Windrush Day: honouring the British Caribbean community
Windrush Day, Monday 22 June, honours the British Caribbean community and its contributions to our diverse culture. This year we're showcasing the wonderful influences of the Windrush generation and we'd love you to get involved!
We want you to send us your photos and artwork for our virtual exhibition, take over our Twitter and Instagram and help us create a memorable playlist, all in honour of the first generation of Caribbean people to arrive in the UK and to recognise their contribution to the modern day culture we know today.
We're holding a virtual exhibition to mark Windrush Day, so send your photos (either taken or shared with permission) or artwork to firstname.lastname@example.org.
- You can share old photos or paintings, with permission
- Send the title of the piece and artist name
We will collate all the submissions and add them to our online exhibition. If you would prefer not to have your full name included with your submission, please let us know.
Get your groove on
We've curated a Windrush playlist which you can listen to here and we're hoping to include it in a set on our new local new Fulham-based radio station to counter isolation.
The playlist will be broadcast on air on Hot96 from 4pm to 5pm and from 11pm to midnight on the 22 June.
The other DJs from the Hot96 include Little Bee 3-4pm, Daddy Long Legs 5-6pm, Phuture Funk 6-9pm and Likkle Minty – 9-11pm.
Celebrate Windrush Day on 22 June with the National Theatre
Small Island embarks on a journey from Jamaica to Britain, through the Second World War to 1948 – the year the HMT Empire Windrush docked at Tilbury.
The Windrush Generation
Following the losses of World War II, the UK launched a campaign to entice people from the British Empire and Commonwealth to immigrate to the UK.
On 22 June 1948, the HMT Empire Windrush docked in East London, and marked the beginning of Caribbean migration that would follow. The migration of people from the British Empire and Commonwealth was core to country's recovery after the war and in establishing the wonderful, diverse culture that we have today.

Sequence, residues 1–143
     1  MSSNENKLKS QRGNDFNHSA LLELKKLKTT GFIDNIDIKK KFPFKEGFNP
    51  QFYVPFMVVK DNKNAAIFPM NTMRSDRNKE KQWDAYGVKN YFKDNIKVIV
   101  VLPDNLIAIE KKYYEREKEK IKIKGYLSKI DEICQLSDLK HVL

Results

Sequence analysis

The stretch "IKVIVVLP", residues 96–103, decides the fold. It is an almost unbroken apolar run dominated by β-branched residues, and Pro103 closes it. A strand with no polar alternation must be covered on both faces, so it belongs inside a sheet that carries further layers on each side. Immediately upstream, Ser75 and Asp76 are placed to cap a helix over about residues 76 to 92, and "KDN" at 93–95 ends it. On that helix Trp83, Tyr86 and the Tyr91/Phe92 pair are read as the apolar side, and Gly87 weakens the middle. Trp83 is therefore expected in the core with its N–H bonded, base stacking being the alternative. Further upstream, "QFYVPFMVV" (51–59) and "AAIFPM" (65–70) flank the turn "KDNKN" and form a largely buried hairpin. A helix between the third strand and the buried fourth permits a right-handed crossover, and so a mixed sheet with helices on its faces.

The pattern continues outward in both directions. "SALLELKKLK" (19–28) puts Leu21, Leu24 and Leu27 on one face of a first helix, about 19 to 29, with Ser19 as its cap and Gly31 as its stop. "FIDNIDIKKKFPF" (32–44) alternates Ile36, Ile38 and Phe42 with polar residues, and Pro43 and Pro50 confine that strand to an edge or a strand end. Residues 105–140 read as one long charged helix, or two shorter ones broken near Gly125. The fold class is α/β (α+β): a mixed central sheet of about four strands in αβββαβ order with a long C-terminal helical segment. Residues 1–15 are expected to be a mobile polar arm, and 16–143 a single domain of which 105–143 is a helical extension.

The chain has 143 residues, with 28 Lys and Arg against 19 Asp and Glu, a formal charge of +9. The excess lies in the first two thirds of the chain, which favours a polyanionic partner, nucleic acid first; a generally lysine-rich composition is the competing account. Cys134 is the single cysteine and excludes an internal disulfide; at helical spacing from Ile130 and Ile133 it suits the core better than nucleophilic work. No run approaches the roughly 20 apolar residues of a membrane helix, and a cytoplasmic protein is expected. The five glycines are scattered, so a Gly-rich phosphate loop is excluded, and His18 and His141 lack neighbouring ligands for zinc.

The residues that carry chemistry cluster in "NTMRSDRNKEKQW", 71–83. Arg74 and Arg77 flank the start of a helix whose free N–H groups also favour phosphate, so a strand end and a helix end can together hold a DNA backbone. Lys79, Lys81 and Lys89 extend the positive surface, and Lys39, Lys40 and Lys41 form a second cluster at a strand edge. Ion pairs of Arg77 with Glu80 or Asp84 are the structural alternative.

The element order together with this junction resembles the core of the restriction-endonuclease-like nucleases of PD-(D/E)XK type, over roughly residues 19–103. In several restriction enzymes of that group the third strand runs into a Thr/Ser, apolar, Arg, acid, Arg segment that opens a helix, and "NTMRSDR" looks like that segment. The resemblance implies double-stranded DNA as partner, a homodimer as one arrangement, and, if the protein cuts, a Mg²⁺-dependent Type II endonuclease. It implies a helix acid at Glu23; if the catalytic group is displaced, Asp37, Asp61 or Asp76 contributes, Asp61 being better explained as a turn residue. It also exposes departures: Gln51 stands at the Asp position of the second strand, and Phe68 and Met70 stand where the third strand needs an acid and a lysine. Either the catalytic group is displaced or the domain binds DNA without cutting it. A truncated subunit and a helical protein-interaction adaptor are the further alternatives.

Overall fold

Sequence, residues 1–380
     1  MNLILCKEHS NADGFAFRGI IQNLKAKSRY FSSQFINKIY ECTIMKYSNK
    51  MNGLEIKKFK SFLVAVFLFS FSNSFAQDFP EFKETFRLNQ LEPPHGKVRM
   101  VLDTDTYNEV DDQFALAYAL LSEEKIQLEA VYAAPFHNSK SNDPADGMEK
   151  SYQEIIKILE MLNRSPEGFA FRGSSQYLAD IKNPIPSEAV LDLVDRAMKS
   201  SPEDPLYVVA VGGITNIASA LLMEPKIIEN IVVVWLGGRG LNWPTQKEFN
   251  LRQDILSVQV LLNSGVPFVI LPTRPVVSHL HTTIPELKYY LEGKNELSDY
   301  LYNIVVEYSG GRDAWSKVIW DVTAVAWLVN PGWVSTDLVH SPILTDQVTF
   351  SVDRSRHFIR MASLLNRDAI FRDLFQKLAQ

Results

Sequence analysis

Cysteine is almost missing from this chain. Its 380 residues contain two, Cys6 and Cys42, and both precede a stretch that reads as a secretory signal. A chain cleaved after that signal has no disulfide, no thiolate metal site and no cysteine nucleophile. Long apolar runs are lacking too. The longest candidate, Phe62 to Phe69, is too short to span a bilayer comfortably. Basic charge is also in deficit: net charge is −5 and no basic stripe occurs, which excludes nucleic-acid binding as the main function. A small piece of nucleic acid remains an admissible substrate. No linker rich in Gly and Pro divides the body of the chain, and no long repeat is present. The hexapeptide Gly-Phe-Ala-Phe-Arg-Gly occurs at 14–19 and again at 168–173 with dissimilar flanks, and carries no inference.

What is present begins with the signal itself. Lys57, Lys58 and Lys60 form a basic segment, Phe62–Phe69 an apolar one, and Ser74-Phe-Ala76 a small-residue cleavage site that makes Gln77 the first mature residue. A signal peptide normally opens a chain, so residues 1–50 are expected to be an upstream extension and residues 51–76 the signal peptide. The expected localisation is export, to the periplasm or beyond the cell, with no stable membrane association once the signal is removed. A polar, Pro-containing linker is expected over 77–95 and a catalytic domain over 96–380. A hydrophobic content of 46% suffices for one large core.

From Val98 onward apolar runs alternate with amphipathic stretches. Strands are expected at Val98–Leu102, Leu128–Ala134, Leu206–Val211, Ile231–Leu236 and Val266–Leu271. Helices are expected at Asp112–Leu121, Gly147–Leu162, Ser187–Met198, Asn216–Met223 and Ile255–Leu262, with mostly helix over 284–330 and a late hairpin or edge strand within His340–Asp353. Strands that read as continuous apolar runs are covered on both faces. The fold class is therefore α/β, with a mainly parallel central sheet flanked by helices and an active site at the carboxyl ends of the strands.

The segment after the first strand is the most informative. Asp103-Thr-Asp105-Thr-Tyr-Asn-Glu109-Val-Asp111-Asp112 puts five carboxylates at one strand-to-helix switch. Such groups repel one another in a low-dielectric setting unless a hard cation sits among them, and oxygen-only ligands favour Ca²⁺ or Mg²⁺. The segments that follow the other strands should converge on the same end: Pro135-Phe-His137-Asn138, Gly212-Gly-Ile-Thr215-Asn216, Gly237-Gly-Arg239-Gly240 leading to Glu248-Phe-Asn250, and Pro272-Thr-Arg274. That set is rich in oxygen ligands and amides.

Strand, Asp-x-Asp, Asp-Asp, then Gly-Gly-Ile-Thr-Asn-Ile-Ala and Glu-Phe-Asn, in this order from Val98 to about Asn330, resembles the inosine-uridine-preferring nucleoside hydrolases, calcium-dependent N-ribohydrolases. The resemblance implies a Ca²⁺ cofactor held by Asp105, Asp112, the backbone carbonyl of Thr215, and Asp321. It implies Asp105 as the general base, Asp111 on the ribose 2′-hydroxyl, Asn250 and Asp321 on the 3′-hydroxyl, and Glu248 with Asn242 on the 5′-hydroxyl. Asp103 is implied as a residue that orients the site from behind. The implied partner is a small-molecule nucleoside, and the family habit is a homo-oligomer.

Cllr Sue Fennimore, Deputy Leader of H&F Council, said:
"We should never forget the debt of gratitude we all owe the Windrush generation, who contributed so much in rebuilding the UK after World War II. It's hugely important that we honour and celebrate the benefits they and their descendants have brought to our borough, and the way so many have helped shape modern Britain."
We're standing against racism and discrimination It's important to remember the racism and discrimination that the Windrush generation experienced, and to acknowledge the problems we still face today.
H&F stands against racism in whatever form it may take, and we are encouraging everybody to be involved in the conversation and to help us eradicate racism.
A personal story
A personal story from Peter Parkin who's father, like so many other fine young men and women, would without hesitation leave Jamaica's sun and sea to enlist in the RAF and associated services ready to do their bit for the war effort. The Windrush generation - a personal account